Kievan Rus' Kievan Rusʹ, also known as Kyivan Rusʹ ( orv, , Rusĭ, or , , ; Old Norse: ''Garðaríki''), was a state in Eastern Europe, Eastern and Northern Europe from the late 9th to the mid-13th century.John Channon & Robert Hudson, ''Penguin Hist ...
(9th to 13th centuries), the Rus' language which later evolved into Ruthenian, the language of the
Grand Duchy of Lithuania The Grand Duchy of Lithuania was a European state that existed from the 13th century to 1795, when the territory was Partitions of Poland, partitioned among the Russian Empire, the Kingdom of Prussia, and the Habsburg Empire, Habsburg Empire of ...

Grand Duchy of Lithuania
(13th to 18th centuries) in the
Dnieper } The Dnieper () or Dnipro (); , ; . is one of the major Transboundary river, transboundary list of rivers of Europe, rivers of Europe, rising in the Valdai Hills near Smolensk, Russia, before flowing through Belarus and Ukraine to the Black ...

river valley, and into Russian, the language of the
Grand Duchy of Moscow The Grand Duchy of Moscow, Muscovite Russia, Muscovite Rus' or Grand Principality of Moscow (russian: Великое княжество Московское, Velikoye knyazhestvo Moskovskoye; also known in English language, English simply as Mus ...
(13th to 16th centuries) in the
Volga The Volga (; russian: Во́лга, a=Ru-Волга.ogg, p=ˈvoɫɡə) is the List of rivers of Europe#Rivers of Europe by length, longest river in Europe. Situated in Russia, it flows through Central Russia to Southern Russia and into the Cas ...
river valley accordingly. All these languages use the
Cyrillic script The Cyrillic script ( ), Slavonic script or the Slavic script, is a writing system used for various languages across Eurasia. It is the designated national script in various Slavic languages, Slavic, Turkic languages, Turkic, Mongolic languages, ...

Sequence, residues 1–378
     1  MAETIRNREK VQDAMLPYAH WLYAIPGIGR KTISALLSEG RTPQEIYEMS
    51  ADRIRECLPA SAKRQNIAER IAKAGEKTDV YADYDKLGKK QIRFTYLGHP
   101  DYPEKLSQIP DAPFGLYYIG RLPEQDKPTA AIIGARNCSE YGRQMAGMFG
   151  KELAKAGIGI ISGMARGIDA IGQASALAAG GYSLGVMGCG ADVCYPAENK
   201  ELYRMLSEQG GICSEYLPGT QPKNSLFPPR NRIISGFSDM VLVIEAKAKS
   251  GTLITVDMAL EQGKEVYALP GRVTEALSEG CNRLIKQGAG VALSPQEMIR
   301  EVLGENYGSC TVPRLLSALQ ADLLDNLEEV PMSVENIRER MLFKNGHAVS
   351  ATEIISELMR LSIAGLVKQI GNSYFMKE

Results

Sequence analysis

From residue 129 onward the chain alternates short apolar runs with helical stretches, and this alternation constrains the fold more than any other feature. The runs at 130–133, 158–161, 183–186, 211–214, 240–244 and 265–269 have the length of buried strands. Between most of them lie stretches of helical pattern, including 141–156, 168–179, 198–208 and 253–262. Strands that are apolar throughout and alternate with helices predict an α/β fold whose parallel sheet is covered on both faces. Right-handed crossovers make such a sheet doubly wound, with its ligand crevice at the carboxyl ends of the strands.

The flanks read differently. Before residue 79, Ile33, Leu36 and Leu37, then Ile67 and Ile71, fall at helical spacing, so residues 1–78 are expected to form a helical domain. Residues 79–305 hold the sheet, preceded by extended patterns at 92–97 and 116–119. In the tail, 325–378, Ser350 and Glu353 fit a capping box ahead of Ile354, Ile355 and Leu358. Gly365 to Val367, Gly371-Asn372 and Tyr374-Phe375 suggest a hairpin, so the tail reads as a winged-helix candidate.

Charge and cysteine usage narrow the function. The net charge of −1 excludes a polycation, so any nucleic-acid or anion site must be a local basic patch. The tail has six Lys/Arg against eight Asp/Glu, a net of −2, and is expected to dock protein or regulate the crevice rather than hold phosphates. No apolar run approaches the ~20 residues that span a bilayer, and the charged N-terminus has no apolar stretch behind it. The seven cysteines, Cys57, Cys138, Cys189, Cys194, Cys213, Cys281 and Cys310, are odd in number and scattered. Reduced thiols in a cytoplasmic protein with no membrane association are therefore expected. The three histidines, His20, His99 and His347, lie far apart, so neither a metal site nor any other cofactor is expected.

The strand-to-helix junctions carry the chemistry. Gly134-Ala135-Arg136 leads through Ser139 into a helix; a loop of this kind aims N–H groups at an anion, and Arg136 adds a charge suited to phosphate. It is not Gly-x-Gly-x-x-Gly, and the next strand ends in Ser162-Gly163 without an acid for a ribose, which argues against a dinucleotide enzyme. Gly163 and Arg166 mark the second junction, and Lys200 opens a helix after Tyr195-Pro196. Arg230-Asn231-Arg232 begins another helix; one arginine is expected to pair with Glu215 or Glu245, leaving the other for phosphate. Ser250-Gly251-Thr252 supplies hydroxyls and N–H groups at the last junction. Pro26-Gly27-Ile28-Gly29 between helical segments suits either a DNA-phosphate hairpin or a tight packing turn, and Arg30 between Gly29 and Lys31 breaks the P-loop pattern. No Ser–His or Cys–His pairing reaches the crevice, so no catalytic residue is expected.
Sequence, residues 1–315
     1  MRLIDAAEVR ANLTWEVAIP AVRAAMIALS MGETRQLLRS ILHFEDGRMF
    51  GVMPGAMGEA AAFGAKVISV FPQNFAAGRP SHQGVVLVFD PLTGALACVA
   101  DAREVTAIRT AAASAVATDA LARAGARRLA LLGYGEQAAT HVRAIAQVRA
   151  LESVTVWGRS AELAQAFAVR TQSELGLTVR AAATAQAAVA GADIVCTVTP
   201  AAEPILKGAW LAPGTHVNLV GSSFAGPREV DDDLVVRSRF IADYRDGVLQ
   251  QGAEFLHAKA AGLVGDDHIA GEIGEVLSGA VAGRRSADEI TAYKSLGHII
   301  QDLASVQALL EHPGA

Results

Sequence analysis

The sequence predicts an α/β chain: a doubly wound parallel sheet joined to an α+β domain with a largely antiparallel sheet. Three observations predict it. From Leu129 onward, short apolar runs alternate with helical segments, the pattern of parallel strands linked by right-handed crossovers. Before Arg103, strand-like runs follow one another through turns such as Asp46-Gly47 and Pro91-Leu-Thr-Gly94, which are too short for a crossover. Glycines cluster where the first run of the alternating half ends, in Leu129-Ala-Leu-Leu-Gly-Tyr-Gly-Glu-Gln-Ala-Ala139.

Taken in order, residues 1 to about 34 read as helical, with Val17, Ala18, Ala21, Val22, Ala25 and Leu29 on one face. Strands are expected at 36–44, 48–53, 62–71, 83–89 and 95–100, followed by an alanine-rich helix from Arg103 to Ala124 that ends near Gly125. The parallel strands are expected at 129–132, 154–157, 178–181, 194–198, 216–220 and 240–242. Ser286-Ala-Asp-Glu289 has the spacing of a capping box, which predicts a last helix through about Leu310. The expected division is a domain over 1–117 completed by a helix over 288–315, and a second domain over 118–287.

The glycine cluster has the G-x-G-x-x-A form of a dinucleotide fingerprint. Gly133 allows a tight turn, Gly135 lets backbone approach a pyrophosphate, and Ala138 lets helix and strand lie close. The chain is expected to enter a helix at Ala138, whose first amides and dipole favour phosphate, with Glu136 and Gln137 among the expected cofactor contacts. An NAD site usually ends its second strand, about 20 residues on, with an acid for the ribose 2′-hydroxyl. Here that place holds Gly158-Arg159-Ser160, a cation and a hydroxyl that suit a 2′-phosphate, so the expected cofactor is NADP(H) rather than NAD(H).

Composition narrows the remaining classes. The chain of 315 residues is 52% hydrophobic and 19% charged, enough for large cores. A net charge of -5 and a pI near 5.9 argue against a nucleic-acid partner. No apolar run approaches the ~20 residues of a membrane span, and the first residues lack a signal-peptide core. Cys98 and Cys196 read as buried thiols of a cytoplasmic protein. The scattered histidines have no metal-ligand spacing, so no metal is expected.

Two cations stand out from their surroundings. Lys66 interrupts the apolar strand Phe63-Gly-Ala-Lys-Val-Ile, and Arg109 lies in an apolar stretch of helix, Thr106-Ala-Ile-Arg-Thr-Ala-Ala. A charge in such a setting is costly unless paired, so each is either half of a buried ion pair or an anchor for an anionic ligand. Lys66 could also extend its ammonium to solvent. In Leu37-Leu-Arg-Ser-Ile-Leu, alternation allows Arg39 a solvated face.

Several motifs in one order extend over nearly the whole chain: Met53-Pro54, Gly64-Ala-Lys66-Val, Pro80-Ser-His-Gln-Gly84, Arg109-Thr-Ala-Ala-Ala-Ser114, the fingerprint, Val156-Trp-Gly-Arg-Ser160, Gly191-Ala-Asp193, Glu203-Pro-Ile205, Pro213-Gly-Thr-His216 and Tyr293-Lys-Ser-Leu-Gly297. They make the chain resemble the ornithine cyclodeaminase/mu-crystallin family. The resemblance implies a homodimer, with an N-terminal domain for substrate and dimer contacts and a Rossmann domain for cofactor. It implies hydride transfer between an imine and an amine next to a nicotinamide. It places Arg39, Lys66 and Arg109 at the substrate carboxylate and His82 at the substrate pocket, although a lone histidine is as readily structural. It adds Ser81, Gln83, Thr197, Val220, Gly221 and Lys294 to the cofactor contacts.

, but with particular modifications. Belarusian and Ukrainian, which are descendants of Ruthenian, have a tradition of using
Latin-based alphabets
Latin-based alphabets
—the Belarusian Łacinka and Ukrainian Latin alphabets, respectively (also Rusyn uses Latin in some regions).



The East Slavic territory exhibits a linguistic continuum with many transitional dialects. Between Belarusian and Ukrainian there is the Polesian dialect, which shares features from both languages. East Polesian is a transitional
variety Variety may refer to: Arts and entertainment Entertainment formats * Variety (radio) * Variety show, in theater and television Films * Variety (1925 film), ''Variety'' (1925 film), a German silent film directed by Ewald Andre Dupont * Varie ...
between Belarusian and Ukrainian on one hand, and between South Russian and Ukrainian on the other hand. At the same time, Belarusian and Southern Russian form a continuous area, making it virtually impossible to draw a line between the two languages. Central or Middle Russian (with its Moscow sub-dialect), the transitional step between the North and the South, became a base for the Russian literary standard. Northern Russian with its predecessor, the Old Novgorod dialect, has many original and archaic features. Due to the influence of the
Polish–Lithuanian Commonwealth The Polish–Lithuanian Commonwealth, formally known as the Kingdom of Poland and the Grand Duchy of Lithuania, and, after 1791, as the Commonwealth of Poland, was a bi-confederal state, sometimes called a federation, of Crown of the Kingdom of ...
over many centuries, Belarusian and Ukrainian have been influenced in several respects by Polish, a West Slavic language / Lechitic. Ruthenian, the mixed Belarusian-Ukrainian literary language with a